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NIST Team Sets New Distance Record for Quantum Teleportation

Quantum Teleportation

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The new breakthrough in quantum teleportation is not similar to that “classical” one you have seen in Star Trek. Now researchers have announced that they have broken the previous distance record for quantum teleportation, which could vital in regard to quantum computing, but it would not be so important in beaming people to a spacecraft. If you want to know more about quantum teleportation, please spare a few minutes to read the following.

Although the term “teleportation” is used by scientists, it is commonly known to be kind of a misnomer. Generally speaking Quantum teleportation is the transfer of information related to a photon over long distances. It is closely linked with reconstructing the quantum state – set of information – of a photon in a different place. In this case, the information was transported across 102 kilometers of optical fiber, four times further than it used to take. To know more about the way it works, you could refer to the information in regard to the last record.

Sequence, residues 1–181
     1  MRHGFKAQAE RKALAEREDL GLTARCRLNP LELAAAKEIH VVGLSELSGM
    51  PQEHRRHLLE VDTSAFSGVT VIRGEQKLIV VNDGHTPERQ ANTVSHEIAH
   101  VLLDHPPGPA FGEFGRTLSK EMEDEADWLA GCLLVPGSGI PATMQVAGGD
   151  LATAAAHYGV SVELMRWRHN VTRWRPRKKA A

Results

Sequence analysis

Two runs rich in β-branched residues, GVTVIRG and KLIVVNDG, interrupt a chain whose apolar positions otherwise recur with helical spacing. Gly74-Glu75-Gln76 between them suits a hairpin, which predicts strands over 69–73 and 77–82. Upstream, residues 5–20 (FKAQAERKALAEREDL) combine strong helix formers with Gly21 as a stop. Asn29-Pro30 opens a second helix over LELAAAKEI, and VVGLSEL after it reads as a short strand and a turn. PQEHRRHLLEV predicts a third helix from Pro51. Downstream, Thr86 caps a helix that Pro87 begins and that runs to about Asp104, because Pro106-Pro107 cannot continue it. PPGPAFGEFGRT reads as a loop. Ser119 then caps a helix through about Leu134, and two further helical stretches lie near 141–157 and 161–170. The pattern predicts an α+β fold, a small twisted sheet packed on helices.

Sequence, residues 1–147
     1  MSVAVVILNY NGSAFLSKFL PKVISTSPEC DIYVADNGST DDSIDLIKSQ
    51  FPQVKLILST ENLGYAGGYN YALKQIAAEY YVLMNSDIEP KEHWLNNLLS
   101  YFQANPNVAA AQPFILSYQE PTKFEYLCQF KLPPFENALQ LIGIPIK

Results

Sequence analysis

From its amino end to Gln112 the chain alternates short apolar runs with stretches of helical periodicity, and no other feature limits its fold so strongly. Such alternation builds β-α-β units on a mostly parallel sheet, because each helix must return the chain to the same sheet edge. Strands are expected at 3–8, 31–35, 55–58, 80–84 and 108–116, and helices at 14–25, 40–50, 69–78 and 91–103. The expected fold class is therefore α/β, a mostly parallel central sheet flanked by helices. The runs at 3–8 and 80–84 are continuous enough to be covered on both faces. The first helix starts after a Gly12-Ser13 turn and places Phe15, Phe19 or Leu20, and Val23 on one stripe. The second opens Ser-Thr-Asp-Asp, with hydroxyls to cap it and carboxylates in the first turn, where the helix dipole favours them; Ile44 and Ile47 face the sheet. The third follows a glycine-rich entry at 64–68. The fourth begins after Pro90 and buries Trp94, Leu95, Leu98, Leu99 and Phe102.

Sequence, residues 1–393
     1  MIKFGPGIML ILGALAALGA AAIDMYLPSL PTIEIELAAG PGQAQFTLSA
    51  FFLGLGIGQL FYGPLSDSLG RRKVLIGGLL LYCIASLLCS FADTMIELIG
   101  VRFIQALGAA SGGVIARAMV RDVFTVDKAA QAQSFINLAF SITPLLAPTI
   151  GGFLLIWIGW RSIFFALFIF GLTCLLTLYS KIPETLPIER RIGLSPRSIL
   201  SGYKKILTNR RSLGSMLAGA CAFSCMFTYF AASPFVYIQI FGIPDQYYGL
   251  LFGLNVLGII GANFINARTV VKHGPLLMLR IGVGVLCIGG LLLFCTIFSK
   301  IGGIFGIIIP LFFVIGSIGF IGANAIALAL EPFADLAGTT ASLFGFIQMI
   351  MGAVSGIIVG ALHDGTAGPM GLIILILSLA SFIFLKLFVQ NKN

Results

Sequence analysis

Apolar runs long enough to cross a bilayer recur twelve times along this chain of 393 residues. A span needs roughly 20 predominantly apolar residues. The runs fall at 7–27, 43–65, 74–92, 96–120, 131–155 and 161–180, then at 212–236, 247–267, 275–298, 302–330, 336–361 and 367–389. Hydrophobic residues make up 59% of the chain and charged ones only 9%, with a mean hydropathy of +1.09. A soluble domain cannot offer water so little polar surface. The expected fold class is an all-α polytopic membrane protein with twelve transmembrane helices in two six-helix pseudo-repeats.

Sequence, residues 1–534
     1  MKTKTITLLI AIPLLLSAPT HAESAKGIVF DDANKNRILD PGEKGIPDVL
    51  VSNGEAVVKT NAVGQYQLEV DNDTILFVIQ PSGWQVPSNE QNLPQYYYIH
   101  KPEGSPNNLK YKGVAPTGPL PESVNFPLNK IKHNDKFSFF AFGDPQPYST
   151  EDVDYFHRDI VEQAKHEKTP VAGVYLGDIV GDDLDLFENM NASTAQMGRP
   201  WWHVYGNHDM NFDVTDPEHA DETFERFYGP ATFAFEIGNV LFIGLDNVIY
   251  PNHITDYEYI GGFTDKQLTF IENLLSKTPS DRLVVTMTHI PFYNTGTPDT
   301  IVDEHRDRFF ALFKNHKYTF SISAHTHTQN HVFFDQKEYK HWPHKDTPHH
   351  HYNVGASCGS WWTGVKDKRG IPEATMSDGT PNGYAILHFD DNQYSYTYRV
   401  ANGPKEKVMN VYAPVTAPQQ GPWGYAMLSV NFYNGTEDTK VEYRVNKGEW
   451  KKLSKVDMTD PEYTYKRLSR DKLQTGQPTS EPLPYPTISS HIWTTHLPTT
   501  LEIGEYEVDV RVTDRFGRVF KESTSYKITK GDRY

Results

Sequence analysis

Speaking of such newest breakthrough at the National Institute of Standards and Technology (NIST) laboratory in Colorado, it is revealed that scientists have used the latest ingle-photon detectors to enhance the distance of quantum teleportation. As only 1% of photons could make it all the way down the fiber, the detectors should be extraordinarily sensitive. In this research, scientists have succeeded in recording more than 80% of incoming photons. In the previous instances, fiber transmission led to a large loss of quantum data, thus resulting in impossible teleportation over long distances. As Marty Stevens at NIST said, it would not be possible for the team to complete such experiment without these new detectors, which were able to make measurement of this extremely weak signal.

The result of this study has been published in the journal Optica, giving detailed description about the way in which this technique would be applied to making “quantum repeaters,” which could repeatedly send the data over the greater distances. This important step could make it possible to create a high-speed and ultra-encrypted quantum Internet.

At present, scientists intend to boost the rate of teleportation in photons, because up to now the effect just happens in 25% of transmissions. Although it is the very remarkable start, more have to be done in improving this technique before it would  become really useful.

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